Taking a Chance on Strangers

Projects land on your desk from many, sometimes surprising, sources. If lucky, you can identify the risky jobs early enough to give yourself a chance to back out. But that’s not always the best move.

Two projects on opposite ends of the continent serve as real-world models of what can happen when taking a chance on strangers. One was a success from the start while the other project faced many challenges. Because it’s always better to end on a high note, allow me to first tell the story of the more challenging project.

A client on the West Coast chose a prominent, successful architectural design firm to bring the client’s custom home vision to life. The architect, however, did not have the opportunity to recommend a builder because the client had chosen one already. The builder was someone the client knew from within the community — you know, one of those “I know a guy” people.

Four years into the project the home had barely risen from the ground. The client let the builder go and followed architect’s suggestion when hiring a replacement. Twice the initial budget and five years later (yes, nine years total), a beautiful, well-planned, 10,000-sq.ft. hilltop mansion sits wrapped around a serene outdoor living space anyone would enjoy living in.

Had the client given the architect an opportunity to recommend a builder, the experience would have been much different, most assuredly less expensive and far less lengthy.

Clear on the other side of the continent in the Northeast, another custom home project began similarly with the client choosing the architect and builder, both of whom were unaware the other had been hired. Their first introduction to each other came surprisingly on a job-site visit.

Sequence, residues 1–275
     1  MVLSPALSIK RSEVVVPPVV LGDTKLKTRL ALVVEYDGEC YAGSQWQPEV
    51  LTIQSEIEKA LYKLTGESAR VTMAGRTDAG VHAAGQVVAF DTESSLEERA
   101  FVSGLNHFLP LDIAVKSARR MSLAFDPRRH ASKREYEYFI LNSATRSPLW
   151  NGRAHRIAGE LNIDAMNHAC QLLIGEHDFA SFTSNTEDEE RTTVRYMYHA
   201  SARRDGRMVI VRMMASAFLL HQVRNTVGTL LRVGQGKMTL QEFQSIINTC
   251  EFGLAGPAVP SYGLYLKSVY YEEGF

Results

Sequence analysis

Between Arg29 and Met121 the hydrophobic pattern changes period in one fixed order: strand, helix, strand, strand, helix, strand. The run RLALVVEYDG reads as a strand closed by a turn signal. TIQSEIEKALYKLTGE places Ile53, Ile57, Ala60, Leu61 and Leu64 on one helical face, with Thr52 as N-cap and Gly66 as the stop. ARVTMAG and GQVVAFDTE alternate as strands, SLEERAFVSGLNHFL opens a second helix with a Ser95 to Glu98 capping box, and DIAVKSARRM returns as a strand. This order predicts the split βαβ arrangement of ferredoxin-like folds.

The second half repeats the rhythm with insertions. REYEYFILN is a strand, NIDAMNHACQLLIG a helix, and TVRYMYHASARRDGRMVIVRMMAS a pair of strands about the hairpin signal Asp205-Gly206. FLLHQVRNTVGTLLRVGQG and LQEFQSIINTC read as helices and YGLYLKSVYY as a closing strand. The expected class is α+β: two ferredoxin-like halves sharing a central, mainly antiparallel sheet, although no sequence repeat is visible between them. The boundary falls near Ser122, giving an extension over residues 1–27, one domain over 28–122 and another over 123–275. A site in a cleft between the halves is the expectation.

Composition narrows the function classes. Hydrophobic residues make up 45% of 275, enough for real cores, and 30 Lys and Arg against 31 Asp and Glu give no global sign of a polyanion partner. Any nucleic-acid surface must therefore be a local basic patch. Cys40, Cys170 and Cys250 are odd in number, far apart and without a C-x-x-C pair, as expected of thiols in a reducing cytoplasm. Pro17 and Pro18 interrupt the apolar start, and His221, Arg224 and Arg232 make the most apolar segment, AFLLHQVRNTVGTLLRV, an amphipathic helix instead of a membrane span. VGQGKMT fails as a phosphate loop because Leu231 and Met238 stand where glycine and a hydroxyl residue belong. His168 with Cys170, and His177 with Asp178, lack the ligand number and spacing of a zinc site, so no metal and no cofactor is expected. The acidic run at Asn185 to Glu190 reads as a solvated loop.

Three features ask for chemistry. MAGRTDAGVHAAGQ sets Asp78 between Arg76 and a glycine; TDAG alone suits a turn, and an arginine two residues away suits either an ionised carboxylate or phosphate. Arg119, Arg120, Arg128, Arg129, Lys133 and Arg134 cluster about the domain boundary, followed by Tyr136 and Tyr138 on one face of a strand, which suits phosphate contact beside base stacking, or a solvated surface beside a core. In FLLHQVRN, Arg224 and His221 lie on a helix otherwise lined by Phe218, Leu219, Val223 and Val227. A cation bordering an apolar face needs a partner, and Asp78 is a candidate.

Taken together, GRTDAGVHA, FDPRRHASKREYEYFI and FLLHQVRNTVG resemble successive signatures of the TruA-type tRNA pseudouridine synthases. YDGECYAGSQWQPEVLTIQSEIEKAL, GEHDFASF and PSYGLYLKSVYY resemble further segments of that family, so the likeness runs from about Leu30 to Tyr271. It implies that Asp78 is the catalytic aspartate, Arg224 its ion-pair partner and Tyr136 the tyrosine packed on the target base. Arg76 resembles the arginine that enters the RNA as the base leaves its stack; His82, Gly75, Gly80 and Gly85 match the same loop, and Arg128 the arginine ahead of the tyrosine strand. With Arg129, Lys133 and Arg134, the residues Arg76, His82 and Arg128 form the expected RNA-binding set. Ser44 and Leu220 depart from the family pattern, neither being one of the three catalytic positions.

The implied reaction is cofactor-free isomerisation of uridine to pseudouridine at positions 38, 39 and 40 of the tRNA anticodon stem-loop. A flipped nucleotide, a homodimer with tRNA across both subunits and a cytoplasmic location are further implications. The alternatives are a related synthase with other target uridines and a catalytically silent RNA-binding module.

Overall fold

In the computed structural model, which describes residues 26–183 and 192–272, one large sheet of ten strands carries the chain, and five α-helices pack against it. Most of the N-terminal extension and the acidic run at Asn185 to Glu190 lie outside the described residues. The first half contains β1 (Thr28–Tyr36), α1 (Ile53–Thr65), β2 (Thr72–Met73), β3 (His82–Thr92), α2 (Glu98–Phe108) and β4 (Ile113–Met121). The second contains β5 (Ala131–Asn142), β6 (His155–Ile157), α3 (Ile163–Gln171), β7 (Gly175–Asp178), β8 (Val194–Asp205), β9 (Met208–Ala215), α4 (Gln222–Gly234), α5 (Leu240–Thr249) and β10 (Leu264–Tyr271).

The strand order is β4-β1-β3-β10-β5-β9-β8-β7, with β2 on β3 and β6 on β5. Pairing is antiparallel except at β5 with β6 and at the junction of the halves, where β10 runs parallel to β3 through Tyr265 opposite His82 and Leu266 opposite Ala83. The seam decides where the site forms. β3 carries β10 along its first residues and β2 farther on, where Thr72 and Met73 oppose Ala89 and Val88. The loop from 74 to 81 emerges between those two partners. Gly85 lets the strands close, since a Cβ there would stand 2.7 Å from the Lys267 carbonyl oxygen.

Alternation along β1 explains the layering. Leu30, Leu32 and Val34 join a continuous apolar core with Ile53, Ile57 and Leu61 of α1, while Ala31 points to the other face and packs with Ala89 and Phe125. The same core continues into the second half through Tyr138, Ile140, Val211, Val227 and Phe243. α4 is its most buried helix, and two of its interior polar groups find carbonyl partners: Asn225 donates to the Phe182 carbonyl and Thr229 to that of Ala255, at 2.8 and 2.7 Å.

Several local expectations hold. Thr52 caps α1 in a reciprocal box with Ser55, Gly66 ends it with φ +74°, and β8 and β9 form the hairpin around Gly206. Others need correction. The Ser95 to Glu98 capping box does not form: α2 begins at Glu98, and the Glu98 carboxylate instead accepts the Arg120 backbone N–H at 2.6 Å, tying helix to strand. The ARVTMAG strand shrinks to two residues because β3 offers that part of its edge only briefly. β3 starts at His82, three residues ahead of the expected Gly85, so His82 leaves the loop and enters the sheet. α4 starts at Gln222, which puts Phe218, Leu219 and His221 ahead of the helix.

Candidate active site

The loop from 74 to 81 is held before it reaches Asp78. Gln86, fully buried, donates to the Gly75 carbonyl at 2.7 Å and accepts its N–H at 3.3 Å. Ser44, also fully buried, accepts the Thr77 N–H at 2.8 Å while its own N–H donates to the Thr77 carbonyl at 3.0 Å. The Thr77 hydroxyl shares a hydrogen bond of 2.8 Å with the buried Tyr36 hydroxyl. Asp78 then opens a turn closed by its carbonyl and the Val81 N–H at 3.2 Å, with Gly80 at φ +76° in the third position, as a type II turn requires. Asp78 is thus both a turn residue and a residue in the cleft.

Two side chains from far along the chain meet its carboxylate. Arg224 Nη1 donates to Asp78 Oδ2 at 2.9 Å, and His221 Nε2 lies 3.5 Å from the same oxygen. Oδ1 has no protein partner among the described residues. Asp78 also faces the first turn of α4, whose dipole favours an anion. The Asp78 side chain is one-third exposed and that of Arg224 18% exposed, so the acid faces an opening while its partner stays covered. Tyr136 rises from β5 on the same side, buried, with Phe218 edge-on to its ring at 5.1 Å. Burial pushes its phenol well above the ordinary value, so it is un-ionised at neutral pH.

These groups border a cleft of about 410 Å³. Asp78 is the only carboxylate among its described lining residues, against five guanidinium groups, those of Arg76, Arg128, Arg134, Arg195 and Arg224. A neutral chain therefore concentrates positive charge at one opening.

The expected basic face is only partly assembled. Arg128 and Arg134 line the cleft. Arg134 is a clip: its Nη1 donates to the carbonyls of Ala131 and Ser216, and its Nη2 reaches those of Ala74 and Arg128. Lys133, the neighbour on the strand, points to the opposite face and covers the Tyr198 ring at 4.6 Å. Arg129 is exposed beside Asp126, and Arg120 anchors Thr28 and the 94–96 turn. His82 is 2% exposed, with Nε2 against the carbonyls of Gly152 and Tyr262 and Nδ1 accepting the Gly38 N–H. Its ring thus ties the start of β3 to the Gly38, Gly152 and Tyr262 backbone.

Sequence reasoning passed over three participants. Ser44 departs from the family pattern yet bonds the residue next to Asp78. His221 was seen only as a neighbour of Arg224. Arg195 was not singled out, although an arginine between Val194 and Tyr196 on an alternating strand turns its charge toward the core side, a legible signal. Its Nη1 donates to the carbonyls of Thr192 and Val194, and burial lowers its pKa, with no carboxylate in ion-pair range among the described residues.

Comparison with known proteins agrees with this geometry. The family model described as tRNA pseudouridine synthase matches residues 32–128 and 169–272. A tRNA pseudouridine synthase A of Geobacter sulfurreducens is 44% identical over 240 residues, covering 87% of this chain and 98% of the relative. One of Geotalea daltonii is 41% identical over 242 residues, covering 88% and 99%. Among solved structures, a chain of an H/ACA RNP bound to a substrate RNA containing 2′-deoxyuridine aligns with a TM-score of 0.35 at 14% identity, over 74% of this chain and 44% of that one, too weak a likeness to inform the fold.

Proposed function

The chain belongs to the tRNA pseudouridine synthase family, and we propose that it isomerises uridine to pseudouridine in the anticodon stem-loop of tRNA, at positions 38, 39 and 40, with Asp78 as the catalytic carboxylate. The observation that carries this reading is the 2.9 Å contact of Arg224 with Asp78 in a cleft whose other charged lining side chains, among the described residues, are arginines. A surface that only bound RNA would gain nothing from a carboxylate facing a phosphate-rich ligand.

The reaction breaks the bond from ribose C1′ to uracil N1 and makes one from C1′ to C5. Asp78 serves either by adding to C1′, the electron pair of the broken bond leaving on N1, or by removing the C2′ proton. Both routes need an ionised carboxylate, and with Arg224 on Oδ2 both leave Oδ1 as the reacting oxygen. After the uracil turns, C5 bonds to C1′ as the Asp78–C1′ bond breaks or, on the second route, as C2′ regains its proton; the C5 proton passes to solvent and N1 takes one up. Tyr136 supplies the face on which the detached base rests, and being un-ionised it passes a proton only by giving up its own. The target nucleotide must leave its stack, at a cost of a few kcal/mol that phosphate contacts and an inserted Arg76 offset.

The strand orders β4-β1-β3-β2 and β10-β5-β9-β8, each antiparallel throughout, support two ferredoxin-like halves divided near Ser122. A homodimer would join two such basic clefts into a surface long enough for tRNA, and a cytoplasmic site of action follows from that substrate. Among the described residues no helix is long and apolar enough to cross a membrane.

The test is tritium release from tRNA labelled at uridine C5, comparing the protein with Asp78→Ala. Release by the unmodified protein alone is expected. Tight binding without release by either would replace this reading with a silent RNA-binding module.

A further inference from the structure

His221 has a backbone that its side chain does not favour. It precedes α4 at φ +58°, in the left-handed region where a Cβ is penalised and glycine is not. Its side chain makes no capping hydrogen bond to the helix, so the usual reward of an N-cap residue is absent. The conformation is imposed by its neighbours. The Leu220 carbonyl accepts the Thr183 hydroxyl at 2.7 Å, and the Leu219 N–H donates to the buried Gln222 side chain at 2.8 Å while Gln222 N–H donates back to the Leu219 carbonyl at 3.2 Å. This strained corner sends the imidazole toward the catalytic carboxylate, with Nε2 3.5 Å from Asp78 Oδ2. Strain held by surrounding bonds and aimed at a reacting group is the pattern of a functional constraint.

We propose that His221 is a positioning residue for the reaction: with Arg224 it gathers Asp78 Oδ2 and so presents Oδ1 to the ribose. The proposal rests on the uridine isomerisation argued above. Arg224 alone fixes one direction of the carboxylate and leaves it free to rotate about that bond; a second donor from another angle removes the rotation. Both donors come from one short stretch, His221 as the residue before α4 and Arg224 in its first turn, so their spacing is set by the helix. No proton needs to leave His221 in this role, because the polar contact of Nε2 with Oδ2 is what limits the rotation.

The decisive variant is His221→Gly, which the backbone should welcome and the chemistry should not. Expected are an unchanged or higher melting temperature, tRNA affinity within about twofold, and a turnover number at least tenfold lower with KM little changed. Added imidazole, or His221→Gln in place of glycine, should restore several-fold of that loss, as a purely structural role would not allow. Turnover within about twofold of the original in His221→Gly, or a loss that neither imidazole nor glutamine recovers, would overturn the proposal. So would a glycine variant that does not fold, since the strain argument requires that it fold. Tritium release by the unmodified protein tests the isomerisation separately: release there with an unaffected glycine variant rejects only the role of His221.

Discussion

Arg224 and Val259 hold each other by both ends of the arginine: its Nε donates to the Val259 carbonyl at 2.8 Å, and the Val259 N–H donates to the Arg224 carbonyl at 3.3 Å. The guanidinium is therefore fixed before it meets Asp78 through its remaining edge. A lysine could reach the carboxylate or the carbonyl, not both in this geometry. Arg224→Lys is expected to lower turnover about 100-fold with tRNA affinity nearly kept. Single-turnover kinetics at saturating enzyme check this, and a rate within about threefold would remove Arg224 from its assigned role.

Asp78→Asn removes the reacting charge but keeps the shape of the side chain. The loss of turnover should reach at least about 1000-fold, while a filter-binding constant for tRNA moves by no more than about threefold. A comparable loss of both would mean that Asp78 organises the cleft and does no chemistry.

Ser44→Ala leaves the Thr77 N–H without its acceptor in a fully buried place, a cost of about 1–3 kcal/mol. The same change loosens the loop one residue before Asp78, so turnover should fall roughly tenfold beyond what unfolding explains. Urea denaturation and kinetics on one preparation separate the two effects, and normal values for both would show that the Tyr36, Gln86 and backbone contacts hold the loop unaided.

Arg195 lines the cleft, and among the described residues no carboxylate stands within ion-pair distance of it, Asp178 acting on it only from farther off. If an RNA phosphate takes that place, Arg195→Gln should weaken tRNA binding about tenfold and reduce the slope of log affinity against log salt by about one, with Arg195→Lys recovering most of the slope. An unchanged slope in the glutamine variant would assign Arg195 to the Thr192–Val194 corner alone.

As the architect told me, he knows many colleagues who would have said, “To heck with this” and walked away from the job. This architect, Frank Ryan, AIA, of the Golden Mean Group in Connecticut, chose to trust his talent, interpersonal skills and experience and ventured into unchartered territory, just like his West Coast peer. The builder, Jeff Hallquist of Jeff Hallquist Builder in Connecticut, also chose to take a shot and see what would happen.

The result of this East Coast collaboration is the modern Victorian on the cover of this issue. Both builder and architect entered the project with uncertainly and slight trepidation. They trusted their ability to work through any challenge and came out in the end of what one of them described as a “dream project,” convinced the risk was worth the reward.

It’s in your nature to please clients, but more importantly it’s also your duty to proceed only with your company’s best interests in mind. Take the risk and you might get lucky, but be willing to accept the consequences if things go bad. Listen to the little voice in your head then follow your gut.

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